13. Sites like HydrogenAudio.org and foobar2000.org are hosted on this IP/server and are perfectly legit.
  14. More details and options? Actually I find Outpost Firewall Free to be a very solid product all around. While it doesn't shine at leaktests like Online Armor and Comodo Internet Security for example, it is still a more than enough for a really good protection. Its interface is in my opinion one of the best there is - no fluff and shiny colors, yet very well structured and intuitive. I myself love it and would actually be using the program if it weren't for its resource hunger. While I do have a rather old computer, I still think that software can be powerful and light at the same time. To prove me right there are Comodo Internet Security, Malware Defender (a classical HIPS software) and Privatefirewall. These are all very good products and they are much lighter on my old 'box'.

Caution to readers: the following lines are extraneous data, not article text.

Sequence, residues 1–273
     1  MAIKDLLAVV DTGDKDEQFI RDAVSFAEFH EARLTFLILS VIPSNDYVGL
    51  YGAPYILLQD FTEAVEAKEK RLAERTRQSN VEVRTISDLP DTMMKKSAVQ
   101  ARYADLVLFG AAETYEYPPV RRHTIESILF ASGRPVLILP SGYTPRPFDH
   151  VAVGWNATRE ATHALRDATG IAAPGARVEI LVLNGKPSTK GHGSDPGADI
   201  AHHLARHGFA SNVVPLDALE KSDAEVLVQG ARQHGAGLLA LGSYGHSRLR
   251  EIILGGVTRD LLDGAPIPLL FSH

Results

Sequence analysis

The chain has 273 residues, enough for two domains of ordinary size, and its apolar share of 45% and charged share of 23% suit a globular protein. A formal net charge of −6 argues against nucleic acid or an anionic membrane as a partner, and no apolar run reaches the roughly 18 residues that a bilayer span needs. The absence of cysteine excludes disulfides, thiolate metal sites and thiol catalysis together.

15. This is something I would like to be addressed as well. This data is rather sensitive and should not be displayed like that on the About tab. That way any person can see it.